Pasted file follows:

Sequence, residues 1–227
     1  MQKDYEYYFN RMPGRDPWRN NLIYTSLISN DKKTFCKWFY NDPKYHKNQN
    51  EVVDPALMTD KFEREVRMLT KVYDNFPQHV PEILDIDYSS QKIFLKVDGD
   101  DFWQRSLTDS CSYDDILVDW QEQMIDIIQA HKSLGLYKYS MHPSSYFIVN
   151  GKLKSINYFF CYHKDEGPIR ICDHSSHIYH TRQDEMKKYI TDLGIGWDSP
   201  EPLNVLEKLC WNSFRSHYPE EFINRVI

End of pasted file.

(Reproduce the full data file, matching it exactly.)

Sequence, residues 1–227
     1  MQKDYEYYFN RMPGRDPWRN NLIYTSLISN DKKTFCKWFY NDPKYHKNQN
    51  EVVDPALMTD KFEREVRMLT KVYDNFPQHV PEILDIDYSS QKIFLKVDGD
   101  DFWQRSLTDS CSYDDILVDW QEQMIDIIQA HKSLGLYKYS MHPSSYFIVN
   151  GKLKSINYFF CYHKDEGPIR ICDHSSHIYH TRQDEMKKYI TDLGIGWDSP
   201  EPLNVLEKLC WNSFRSHYPE EFINRVI